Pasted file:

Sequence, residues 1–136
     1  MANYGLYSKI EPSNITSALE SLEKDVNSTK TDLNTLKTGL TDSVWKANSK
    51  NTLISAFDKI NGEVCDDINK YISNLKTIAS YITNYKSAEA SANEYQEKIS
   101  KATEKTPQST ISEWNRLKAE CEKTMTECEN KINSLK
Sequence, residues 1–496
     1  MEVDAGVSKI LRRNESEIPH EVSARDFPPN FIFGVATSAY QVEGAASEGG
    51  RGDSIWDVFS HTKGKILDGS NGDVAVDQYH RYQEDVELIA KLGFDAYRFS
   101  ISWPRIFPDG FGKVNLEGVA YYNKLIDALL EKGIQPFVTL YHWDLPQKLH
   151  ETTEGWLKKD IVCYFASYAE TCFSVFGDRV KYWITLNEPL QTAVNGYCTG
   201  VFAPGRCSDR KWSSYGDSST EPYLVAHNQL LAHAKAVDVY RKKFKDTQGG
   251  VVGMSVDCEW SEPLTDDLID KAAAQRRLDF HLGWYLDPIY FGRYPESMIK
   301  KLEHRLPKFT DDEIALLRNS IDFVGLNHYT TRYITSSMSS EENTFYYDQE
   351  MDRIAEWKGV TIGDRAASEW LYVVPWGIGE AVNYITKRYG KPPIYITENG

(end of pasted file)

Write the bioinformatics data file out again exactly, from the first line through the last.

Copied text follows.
Sequence, residues 1–136
     1  MANYGLYSKI EPSNITSALE SLEKDVNSTK TDLNTLKTGL TDSVWKANSK
    51  NTLISAFDKI NGEVCDDINK YISNLKTIAS YITNYKSAEA SANEYQEKIS
   101  KATEKTPQST ISEWNRLKAE CEKTMTECEN KINSLK
Sequence, residues 1–496
     1  MEVDAGVSKI LRRNESEIPH EVSARDFPPN FIFGVATSAY QVEGAASEGG
    51  RGDSIWDVFS HTKGKILDGS NGDVAVDQYH RYQEDVELIA KLGFDAYRFS
   101  ISWPRIFPDG FGKVNLEGVA YYNKLIDALL EKGIQPFVTL YHWDLPQKLH
   151  ETTEGWLKKD IVCYFASYAE TCFSVFGDRV KYWITLNEPL QTAVNGYCTG
   201  VFAPGRCSDR KWSSYGDSST EPYLVAHNQL LAHAKAVDVY RKKFKDTQGG
   251  VVGMSVDCEW SEPLTDDLID KAAAQRRLDF HLGWYLDPIY FGRYPESMIK
   301  KLEHRLPKFT DDEIALLRNS IDFVGLNHYT TRYITSSMSS EENTFYYDQE
   351  MDRIAEWKGV TIGDRAASEW LYVVPWGIGE AVNYITKRYG KPPIYITENG